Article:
Discussions: Surprisingly, QOD completion rates were higher with email than text, though satisfaction and perceived utility high in both groups.

Topics: CREOG & APGO Annual Meeting, 2020, Student, Faculty, Clerkship Director, Medical Knowledge, Practice-Based Learning & Improvement, UME, Assessment, Independent Study, General Ob-Gyn,

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Sexual Harassment in Obstetrics and Gynecology Postgraduate Training

Purpose: To determine the prevalence of sexual harassment(SH) in obstetrics and gynecology(OBGYN) residency and fellowships.

Background: SH is a common problem the U.S. with 1 in 3 women experiencing some form of it in their lifetime. According to the National Academies of Sciences, Engineering, and Medicine (NASEM,) 24-50.4% of female medical students experienced sexual harassment, which is more than their peers in science and engineering, and 220% more than female students in non-science fields.

Methods: We conducted a voluntary, anonymous survey study of all U.S. OBGYN trainees in ACGME-accredited residency and fellowship programs. The survey included the validated Sexual Experience Questionnaire (SEQ) short form, and other questions including demographics. The NASEM definition of SH was used in the study and described to the participants in the survey instructions. Descriptive statistics were utilized.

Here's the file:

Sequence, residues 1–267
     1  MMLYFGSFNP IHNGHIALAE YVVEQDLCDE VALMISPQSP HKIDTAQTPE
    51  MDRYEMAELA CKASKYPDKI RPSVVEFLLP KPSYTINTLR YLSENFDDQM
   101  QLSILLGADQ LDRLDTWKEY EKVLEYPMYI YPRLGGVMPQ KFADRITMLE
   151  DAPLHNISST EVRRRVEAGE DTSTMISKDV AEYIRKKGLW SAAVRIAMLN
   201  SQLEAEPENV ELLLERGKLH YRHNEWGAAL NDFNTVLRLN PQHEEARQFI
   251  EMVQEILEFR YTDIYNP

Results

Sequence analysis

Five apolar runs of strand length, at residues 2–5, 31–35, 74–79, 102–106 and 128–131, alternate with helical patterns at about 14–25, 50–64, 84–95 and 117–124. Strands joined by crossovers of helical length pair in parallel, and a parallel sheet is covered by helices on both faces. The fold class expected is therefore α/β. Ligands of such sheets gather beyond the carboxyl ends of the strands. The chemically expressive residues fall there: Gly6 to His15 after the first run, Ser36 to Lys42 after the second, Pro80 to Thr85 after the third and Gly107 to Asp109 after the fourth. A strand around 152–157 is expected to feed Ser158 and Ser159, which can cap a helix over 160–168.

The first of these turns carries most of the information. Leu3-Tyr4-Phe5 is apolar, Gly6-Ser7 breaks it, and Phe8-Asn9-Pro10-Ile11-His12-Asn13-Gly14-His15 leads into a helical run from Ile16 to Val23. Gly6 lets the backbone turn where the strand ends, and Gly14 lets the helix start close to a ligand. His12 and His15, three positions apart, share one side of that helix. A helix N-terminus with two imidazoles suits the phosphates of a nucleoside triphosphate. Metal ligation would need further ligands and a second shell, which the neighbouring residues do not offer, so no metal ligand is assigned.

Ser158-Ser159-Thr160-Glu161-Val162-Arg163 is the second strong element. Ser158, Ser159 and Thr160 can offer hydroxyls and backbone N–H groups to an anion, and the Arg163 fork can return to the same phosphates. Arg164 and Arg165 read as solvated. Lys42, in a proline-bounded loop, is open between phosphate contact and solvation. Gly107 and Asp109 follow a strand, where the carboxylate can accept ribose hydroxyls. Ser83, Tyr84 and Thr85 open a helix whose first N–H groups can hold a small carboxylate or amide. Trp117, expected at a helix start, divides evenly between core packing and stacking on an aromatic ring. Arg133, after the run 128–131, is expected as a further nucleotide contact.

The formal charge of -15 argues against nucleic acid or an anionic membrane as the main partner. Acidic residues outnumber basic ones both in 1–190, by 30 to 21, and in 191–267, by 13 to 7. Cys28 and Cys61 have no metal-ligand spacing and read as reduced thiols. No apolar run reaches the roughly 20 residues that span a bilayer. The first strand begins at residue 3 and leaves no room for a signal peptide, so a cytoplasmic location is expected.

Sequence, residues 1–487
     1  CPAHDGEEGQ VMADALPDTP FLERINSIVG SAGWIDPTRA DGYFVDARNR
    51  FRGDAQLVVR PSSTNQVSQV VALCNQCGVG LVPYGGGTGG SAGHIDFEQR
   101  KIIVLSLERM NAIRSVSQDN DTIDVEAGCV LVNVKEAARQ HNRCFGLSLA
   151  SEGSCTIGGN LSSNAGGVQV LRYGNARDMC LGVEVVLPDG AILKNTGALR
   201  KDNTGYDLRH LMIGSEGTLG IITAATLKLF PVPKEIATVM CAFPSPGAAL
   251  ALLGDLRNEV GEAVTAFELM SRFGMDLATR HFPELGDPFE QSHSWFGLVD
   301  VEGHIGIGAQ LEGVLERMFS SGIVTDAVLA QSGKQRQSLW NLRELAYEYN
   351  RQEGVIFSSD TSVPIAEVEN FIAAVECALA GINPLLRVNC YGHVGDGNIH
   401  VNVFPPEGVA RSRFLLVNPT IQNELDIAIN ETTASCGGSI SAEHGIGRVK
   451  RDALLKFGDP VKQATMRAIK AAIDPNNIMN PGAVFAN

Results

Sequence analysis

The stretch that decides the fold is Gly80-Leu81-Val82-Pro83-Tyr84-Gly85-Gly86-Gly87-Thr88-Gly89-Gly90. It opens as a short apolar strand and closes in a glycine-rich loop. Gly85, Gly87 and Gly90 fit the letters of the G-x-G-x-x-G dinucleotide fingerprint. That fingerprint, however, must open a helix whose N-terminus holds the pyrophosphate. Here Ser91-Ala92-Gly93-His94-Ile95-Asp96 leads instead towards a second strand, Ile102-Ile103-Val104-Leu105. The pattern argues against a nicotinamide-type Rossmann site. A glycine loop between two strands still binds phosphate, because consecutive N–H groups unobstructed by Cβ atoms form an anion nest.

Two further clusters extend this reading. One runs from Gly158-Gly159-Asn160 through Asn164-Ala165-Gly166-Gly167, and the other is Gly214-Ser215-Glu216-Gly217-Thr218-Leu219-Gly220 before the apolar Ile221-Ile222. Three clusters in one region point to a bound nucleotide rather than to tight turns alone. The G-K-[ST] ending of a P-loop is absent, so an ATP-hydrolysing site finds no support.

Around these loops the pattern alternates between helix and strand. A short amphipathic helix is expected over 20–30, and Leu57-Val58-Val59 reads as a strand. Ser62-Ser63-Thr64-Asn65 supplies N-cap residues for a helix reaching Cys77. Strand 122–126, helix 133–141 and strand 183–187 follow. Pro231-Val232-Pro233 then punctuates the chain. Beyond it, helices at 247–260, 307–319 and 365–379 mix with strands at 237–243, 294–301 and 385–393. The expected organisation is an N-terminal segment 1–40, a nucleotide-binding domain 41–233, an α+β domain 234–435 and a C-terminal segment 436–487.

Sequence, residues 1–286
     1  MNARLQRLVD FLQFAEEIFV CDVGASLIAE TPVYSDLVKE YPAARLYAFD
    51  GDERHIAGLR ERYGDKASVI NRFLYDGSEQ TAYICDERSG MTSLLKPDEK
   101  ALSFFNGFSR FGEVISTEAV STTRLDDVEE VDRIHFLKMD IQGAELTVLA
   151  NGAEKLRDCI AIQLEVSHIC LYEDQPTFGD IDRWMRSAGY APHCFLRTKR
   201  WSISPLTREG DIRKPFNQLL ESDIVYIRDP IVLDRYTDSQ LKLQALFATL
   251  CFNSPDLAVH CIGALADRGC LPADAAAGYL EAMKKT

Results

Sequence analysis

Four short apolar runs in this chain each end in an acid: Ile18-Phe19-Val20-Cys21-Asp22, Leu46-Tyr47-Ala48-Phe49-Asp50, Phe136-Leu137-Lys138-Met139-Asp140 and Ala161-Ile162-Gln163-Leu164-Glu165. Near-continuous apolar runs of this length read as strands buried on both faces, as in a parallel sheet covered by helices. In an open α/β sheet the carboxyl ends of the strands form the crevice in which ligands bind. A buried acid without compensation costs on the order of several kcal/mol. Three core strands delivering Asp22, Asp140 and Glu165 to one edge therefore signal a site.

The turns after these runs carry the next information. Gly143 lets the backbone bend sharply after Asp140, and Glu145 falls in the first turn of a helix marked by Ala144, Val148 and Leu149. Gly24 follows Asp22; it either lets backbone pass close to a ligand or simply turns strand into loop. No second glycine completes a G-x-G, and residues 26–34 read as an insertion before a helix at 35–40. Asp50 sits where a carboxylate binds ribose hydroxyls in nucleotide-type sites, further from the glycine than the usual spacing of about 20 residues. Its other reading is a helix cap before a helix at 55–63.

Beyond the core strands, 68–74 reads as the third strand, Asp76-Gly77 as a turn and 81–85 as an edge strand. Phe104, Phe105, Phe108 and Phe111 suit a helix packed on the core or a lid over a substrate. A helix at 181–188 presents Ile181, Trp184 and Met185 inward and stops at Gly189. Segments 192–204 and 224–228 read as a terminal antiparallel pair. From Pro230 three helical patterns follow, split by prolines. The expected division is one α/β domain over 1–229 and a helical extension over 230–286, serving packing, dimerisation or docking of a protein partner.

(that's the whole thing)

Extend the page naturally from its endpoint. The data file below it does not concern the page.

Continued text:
Results: The survey was distributed to 1473 trainees in the US; 395 responses were received (26.8%response rate: 86%females, 13.5%males). 20.6% of participants (78/378: 21.1%females, 21.7%males) responded yes to having been sexually harassed during their OBGYN training. Based on the SEQ questionnaire, 69.1% OBGYN trainees (253/366) had experienced some form of SH. Sexist hostility was the most common form of SH followed by crude behavior (211/253,83.4%;182/253,71.9% respectively). Males and senior OBGYN attendings (154/208,74.4%;110/395,27.9% respectively) were named the most common perpetrator; the operating room was the number one location for SH followed by Labor and Delivery (97/395,24.6%;83/395, 21.0% respectively).

Discussions: Although OBGYN is a female dominated field, the rate of SH of trainees remains high according to our data.

Topics: CREOG & APGO Annual Meeting, 2020, Student, Resident, Faculty, Osteopathic Faculty, Residency Director, Residency Coordinator, Professionalism, Interpersonal & Communication Skills, GME,

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Resident Perceptions of Power-Based Violence and Impact of Bystander Intervention Training

Purpose: To evaluate resident perceptions of power-based violence (PBV) and assess initial impact of bystander intervention (BI) training.

Background: Creating a safe, welcoming workplace is important in medical education.  PBV in the form of overt aggression, microaggression, or bullying can threaten the educational community.  BI training offers residents a skill set to intervene to counteract PBV and foster a safer, welcoming clinical environment for their teams.

Methods: Pre-training and post-training surveys were completed by OB-Gyn residents at Vanderbilt prior to formal Green Dots BI training.  The survey assessed frequency of experienced or witnessed PBV, sexism, and racism.  Residents self-assessed their ability to recognize overt versus subtle PBV, and whether they would intervene in instances of PBV based on the role of the perpetrator.  Residents completing BI training were re-surveyed with the same instrument 3 months later.  Exempt IRB approval was obtained.